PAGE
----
State TV acknowledges deaths in Saturday protests
Issued on: Modified:
Iranian state television said at least 10 people were killed and over 100 were wounded in violent clashes between opposition demonstrators and police on Saturday. The reports could not be verified due to Iran's tight media restrictions.
AFP - At least 10 people were killed in the latest unrest to shake Tehran, state television said on Sunday, as the opposition kept up its defiance of Iran's Islamic rulers over the disputed election.
Opposition leader Mir Hossein Mousavi fired off an unprecedented criticism of supreme leader Ayatollah Ali Khamenei after police clashed with thousands of protestors in Tehran, swept up in the worst unrest since the Islamic revolution 30 years ago.
State television said 10 people were killed and more than 100 wounded in riots and clashes in Tehran on Saturday, blaming "terrorists" armed with firearms and explosives.
Iran's deputy police chief Ahmad Reza Radan blamed "thugs" from the exiled opposition group the People's Mujahedeen of Iran (PMOI) for the violence.
Last week, state media reported that at least seven people had been killed and many more wounded in the post-election violence and protests which have engulfed Tehran and other cities since last Saturday.
Mousavi, who is leading the massive wave of public opposition to the June 12 vote that returned hardliner Mahmoud Ahmadinejad to power, accused the country's rulers of "cheating" and warned of a dangerous path ahead if the crackdown on demonstrators continued.
He unleashed his broadside against Ayatollah Ali Khamenei, Iran's all-powerful supreme leader, after police firing tear gas and water cannon clashed with thousands of protestors who defied an ultimatum from Khamenei for an end to their street protests.
World leaders have voiced mounting alarm over the unrest, which has severely jolted the pillars of the Islamic regime and raised concerns over the future of the oil-rich Shiite Muslim powerhouse.
Iran has fired back, accusing foreign governments of meddling.
Britain was the latest target, with Iranian Foreign Minister Manouchehr Mottaki accusing it of plotting for the past two years to sabotage the election.
Mousavi, who was premier in the aftermath of the Islamic revolution, lashed out at Khamenei in an unprecedented challenge to the man who has ruled over Iran for 20 years.
In his first public appearance since the vote, Khameini on Friday ruled out any election fraud and warned that opposition leaders would be responsible for "blood, violence and chaos" if there was no end to protests.
But the moderate Mousavi, 67, reiterated his demand for a new election after official results showed he had lost to the incumbent by a landslide, saying that "cheating" threatened the very foundations of the Islamic republic.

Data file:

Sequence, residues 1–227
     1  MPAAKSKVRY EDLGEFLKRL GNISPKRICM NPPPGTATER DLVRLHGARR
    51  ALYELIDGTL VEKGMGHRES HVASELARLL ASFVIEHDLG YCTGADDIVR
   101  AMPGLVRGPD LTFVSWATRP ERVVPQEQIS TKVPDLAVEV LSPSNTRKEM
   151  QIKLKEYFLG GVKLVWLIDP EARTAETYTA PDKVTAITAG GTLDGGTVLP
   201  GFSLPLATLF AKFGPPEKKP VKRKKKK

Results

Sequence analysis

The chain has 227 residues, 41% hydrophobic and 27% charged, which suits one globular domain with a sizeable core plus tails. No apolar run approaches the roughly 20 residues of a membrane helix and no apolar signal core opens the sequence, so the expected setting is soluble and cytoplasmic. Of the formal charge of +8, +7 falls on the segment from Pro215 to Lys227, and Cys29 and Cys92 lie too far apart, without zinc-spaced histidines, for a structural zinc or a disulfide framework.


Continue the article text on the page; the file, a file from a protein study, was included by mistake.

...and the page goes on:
He warned in a statement on the website of his newspaper Kalameh that if people were unable to defend their rights peacefully "there will be dangerous ways ahead."
"We are not against our sacred system and its legal structures. This structure protects our independence, freedom and the Islamic republic," he said.
"We are against deviation and lying and we seek to reform that, reform to return to the pure principles of the Islamic revolution."
US President Barack Obama, who has appealed for dialogue with Tehran after three decades of severed ties, again called on the government to stop "all violent and unjust actions against its own people.
"The Iranian government must understand that the world is watching."
Italian Foreign Minister Franco Frattini said his country was "worried" by the loss of life in Iran, while German Chancellor Angela Merkel called for a recount.
Khamenei, who last week ordered a probe into allegations of electoral fraud, had insisted in his Friday sermon on the legality of Ahmadinejad's victory.
Thousands of demonstrators had braved tear gas and water cannon to assemble in Enghelab Square in the heart of the capital on Saturday, witnesses said.
The foreign media has been barred from covering such events as part of tight restrictions imposed since the protests flared.
A suicide bomber also struck a key regime monument -- the mausoleum of revolutionary leader Ayatollah Ruhollah Khomeini -- killing himself and wounding three people, two of them foreigners, state media reported.
"The robocops beat us up badly," one protestor told AFP. "Men and women were beaten up... My whole body is bruised."
"Lots of guards on motorbikes closed in on us and beat us brutally," another witness said, blaming the Basij Islamic militia.
Since the protests began, scores of prominent political activists, including reformist leaders, former government officials and journalists, have also been rounded up by the authorities.
In the latest arrests, Jila Bani Yaghoub and Bahman Ahmadi Amouie, who worked for a variety of reformist newspapers, were detained on Saturday, according to a colleague.
The head of Iran's security council, Abbas Mohtaj, on Saturday delivered a sterm warning to Mousavi, whose supporters have been turning out wearing scarves and headbands in green, his campaign colour.
"Should you provoke and call for these illegal rallies you will be responsible for the consequences," he said.
Iran's electoral watchdog, the 12-member Guardians Council, said on Saturday it was ready to randomly recount up to 10 percent of the ballot boxes from the election, state television reported.
Karim Sadjadpour of US-based Carnegie Endowment for International Peace, said the "previously sacred red lines" were being challenged in Iran -- where 60 percent of the population were born after the revolution.
"It is unprecedented that people would begin to openly challenge Khamenei's legitimacy as supreme leader, and indeed question the legitimacy of the institution of the supreme leader," he said.
Daily newsletterReceive essential international news every morningSubscribe